Bluetooth chip sales to hit $1.7bn in 2007
Positive future thanks to PMGs
Some 35.8 million Bluetooth chips were sold last year, up 245 per cent on 2001's figure, market researcher In-Stat/MDR reported today.
Driving that growth was the increasing installation of Bluetooth into mobile phones. And the power behind that trend was falling chip costs, leading In-Stat to draw the startling conclusion that "the uptake rate will significantly rise as the solution cost declines". In other words, the cheaper the chip, the more are sold. Golly.
In addition to that, European and Asian cellular network providers are going to favour products that provide a way of building broader services than telephony. Dubbed Personal Mobile Gateways (PMGs), these are devices are not primarily designed for voice communications, but can use the cellular network for messaging, gaming or web access. In-Stat/MDR reckons that will favour Bluetooth too, presumably for local device-to-device connections and to allow non-network devices, such as PDAs, to connect to the cellular infrastructure via mobile phones.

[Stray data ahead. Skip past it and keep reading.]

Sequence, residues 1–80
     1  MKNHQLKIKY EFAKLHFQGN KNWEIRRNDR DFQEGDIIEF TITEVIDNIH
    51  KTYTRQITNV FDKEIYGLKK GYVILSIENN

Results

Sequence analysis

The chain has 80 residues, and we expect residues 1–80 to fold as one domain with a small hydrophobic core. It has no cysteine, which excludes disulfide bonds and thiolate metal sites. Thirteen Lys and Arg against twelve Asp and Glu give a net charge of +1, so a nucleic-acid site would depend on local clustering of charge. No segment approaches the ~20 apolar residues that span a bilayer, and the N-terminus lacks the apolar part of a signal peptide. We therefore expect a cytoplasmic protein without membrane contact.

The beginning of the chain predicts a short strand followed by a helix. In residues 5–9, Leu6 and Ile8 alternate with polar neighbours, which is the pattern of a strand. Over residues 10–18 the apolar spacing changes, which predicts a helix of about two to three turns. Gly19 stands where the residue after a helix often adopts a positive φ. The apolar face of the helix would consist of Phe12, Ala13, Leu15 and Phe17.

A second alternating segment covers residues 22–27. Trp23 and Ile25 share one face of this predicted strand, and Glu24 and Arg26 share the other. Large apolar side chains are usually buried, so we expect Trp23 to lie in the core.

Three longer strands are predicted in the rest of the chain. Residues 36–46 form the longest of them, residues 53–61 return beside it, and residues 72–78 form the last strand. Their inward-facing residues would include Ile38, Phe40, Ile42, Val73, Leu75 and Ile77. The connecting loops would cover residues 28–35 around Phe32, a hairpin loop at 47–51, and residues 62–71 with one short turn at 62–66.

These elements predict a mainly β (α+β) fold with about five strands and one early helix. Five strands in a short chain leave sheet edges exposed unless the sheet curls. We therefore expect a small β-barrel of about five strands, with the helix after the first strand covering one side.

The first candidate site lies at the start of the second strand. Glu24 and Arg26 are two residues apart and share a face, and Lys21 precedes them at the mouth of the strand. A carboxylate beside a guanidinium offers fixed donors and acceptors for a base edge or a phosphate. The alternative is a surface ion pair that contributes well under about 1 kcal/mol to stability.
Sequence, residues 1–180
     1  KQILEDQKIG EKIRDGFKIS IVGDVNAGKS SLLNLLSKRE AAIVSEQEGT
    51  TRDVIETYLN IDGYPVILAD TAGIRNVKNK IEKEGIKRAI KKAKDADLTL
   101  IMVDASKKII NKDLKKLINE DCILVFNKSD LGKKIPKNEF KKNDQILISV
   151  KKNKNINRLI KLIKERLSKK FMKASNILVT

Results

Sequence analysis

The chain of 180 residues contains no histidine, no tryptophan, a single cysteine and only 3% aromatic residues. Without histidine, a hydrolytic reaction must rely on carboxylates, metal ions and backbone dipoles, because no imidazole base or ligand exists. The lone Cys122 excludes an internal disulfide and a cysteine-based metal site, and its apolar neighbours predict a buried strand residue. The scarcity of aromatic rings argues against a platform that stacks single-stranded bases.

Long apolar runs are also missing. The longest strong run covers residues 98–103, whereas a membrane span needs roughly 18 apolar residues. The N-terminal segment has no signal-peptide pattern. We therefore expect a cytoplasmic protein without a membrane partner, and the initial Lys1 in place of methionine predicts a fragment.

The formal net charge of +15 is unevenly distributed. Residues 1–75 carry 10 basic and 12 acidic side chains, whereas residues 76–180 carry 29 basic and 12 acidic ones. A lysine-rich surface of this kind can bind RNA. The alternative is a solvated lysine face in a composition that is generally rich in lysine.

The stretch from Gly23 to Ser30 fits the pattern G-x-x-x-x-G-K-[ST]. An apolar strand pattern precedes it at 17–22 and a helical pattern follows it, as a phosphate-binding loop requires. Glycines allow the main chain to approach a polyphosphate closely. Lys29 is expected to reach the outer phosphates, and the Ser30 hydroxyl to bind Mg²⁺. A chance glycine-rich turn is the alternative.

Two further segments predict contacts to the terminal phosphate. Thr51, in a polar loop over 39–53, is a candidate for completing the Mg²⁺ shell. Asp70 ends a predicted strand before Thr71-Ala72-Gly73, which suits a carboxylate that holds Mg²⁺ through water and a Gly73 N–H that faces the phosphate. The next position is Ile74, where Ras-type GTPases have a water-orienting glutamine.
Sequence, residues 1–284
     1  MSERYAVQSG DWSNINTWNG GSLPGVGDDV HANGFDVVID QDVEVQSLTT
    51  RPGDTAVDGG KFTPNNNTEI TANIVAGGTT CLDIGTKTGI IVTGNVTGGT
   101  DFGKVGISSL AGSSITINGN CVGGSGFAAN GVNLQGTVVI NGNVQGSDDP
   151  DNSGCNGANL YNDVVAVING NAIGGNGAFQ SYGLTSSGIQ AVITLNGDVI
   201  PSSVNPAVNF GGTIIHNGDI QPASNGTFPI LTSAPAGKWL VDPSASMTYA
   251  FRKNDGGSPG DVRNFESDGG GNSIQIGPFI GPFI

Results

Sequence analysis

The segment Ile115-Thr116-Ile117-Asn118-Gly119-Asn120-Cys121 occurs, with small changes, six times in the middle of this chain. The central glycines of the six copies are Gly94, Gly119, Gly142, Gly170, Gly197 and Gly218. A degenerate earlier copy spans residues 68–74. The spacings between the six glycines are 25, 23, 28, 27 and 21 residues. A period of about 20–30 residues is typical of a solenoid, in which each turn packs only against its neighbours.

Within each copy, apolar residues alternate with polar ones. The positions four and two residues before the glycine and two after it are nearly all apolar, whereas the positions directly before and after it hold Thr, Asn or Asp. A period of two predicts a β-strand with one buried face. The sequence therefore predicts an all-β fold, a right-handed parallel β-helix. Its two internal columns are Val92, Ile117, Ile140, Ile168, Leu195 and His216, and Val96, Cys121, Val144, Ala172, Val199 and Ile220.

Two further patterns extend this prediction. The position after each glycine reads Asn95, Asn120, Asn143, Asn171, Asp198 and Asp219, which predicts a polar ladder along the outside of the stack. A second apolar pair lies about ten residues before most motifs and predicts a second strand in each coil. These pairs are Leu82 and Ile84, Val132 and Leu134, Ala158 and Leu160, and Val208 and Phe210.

PMGs are expected to appear by the end of the year. Beyond that, In-Stat/MDR expects the revenue from Bluetooth chips to rise to $1.7 billion in 2007, the result of a compound annual growth rate of 74 per cent between 2002 and 2007. ®
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